Virginia officials have ordered a full inspection of smaller state-licensed adult-care homes after a spot check by a study commission turned up "deplorable and alarming conditions" at 20 of the facilities.

Neither the state's Joint Legislative Audit and Review Commission, which recently made a random survey of 29 of the homes, nor the Welfare Department, which licenses them, would disclose the names and locations of the homes where deficiencies were cited.

A report issued by the commission, however, has prompted the Welfare Department to send teams of inspectors to about 150 of the smaller homes to evaluate their services.

"At least one-third of the homes we looked at had serious deficiencies in food supply, nutrition, sanitation, preventive health measures and legal operations," said Phil Leone, assistant director of the commission, "and 20 of the 29 had one or more problems in these areas."

The commission report said the food in some of the homes was inadequate, and the operators sometimes did not serve the required three daily meals. Both the quantity and nutritional quality of the food was criticized at some homes.

Additionally, the commission report complained that illegal and unlicensed homes were operating "all over the state" because the Welfare Department has failed to enforce vigorously the state health standards and regulations.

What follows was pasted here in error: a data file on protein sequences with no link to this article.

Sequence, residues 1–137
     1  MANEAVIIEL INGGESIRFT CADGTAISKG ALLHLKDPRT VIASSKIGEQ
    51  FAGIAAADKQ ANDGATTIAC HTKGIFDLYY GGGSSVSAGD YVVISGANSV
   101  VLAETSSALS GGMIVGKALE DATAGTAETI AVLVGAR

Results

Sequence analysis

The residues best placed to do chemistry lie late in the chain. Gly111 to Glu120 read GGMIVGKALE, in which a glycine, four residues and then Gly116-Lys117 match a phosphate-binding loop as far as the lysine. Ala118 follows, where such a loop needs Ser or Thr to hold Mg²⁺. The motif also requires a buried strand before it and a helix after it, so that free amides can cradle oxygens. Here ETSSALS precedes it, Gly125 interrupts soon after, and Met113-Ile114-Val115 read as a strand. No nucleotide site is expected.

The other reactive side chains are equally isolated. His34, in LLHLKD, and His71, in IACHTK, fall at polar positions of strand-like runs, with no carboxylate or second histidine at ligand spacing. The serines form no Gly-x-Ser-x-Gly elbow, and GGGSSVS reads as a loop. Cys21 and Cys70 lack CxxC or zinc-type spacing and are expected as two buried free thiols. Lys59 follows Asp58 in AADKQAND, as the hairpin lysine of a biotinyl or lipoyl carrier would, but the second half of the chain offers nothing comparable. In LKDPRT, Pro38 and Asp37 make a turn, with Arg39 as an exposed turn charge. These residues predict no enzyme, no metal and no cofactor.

A spokesman for the Welfare Department said the identities of the substandard adult-care homes were not being disclosed in order to avoid possible legal action against the state by their operators.

Welfare inspectors plan to complete their survey and report their findings when department and commission officials meet Sept. 10, according to Leone.

I don't know whether the exact locations of those homes with problems will be made public or whether the report will just use numerical statistics," he said. "That will be up to the commission."

There are 314 licensed adult homes in the state and officials have estimated they house about 10,400 residents.

Smaller homes, housing 20 residents or fewer, accounted for most of the deficiencies cited after commission staff members made unannounced visits.